Fuller went on to become a foreign correspondent and the first American female war correspondent, covering the Italian revolution. She also fell in love with an Italian man and had a child with him. On their return trip to the U.S. in 1850 aboard a merchant ship, a hurricane struck the ship near Fire Island, killing all three. Only Fuller's 20-month-old son was found.

9. SALLY RIDE: MAY 26, 1951

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In 1983, Sally Ride became the first American woman to travel into space, aboard the space shuttle Challenger. Ride was a nationally ranked tennis player when she was a teenager. Billie Jean King urged her to turn pro, but Ride went to Stanford University instead. She earned both a bachelor of arts in English and a bachelor of science in physics in 1973, and a PhD in physics in 1978. Ride then immediately applied for NASA's astronaut program. She flew two shuttle missions, in 1983 and '84, and was scheduled for a third, but that mission was canceled after the Challenger explosion in 1986. After leaving NASA in 1987, Ride devoted her life to encouraging students to study science—especially girls. She founded the organization Sally Ride Science for just that purpose, and wrote five children's books encouraging interest in science. Ride died of cancer at age 61 in 2012.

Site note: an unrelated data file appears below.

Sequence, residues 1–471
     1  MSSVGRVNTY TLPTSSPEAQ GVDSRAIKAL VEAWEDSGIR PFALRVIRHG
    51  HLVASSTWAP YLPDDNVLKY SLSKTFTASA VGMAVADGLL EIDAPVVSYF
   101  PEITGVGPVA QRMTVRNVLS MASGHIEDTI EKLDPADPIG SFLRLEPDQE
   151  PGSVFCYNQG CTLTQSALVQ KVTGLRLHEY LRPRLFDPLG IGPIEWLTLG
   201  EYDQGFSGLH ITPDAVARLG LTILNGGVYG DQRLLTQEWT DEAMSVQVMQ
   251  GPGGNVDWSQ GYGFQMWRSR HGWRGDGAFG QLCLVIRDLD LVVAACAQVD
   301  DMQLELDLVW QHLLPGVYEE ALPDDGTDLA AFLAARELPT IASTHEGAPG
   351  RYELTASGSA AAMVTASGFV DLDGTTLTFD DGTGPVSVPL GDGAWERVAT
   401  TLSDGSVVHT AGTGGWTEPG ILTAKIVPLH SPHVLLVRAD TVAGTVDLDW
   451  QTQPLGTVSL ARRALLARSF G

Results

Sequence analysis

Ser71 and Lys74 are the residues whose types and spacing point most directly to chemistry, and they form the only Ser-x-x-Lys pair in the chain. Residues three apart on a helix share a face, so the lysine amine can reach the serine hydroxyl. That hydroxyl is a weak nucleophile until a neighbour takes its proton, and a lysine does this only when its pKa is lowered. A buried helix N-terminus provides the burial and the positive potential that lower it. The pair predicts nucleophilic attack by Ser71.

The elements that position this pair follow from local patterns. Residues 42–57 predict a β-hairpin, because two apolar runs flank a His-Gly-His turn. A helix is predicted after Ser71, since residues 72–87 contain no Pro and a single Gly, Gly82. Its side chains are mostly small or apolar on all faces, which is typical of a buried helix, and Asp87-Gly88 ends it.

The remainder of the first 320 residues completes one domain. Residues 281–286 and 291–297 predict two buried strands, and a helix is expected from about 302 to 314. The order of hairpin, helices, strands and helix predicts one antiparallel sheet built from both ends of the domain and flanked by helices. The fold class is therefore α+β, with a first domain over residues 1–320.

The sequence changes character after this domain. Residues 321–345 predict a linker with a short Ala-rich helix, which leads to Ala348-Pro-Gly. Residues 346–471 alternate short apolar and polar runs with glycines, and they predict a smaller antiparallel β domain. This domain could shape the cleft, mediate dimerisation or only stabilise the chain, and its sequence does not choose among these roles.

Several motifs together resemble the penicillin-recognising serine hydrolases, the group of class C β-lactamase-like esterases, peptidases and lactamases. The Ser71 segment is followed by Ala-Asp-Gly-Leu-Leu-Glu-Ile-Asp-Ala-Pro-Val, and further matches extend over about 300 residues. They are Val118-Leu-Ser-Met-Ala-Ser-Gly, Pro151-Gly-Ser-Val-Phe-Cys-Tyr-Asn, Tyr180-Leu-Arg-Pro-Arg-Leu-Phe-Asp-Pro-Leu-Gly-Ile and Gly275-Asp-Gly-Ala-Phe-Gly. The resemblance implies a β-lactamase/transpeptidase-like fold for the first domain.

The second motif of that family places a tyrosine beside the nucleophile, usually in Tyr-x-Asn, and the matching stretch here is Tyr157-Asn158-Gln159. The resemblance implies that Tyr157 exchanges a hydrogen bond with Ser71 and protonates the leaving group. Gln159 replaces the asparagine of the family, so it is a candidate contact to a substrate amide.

10. "WILD BILL" HICKOK: MAY 27, 1837


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James Butler Hickok was a farmer, soldier, stagecoach driver, spy, lawman, scout, sharpshooter, gambler, and Wild West showman. Many of those occupations came after "Wild Bill" Hickok gained publicity for killing three men in an 1861 shootout. The newspapers followed his exploits from that time on, often embellishing the details until Hickok was more of a legend than the adventurer he was. His various occupations took him to different parts of Kansas, Nebraska, Missouri, Wyoming, and South Dakota. Hickok was playing poker in Deadwood, South Dakota, when Jack McCall shot him in the back of the head and killed him in 1876. The hand Hickok was holding at the time—a pair of black aces and a pair of black eights—became known as the "dead man's hand."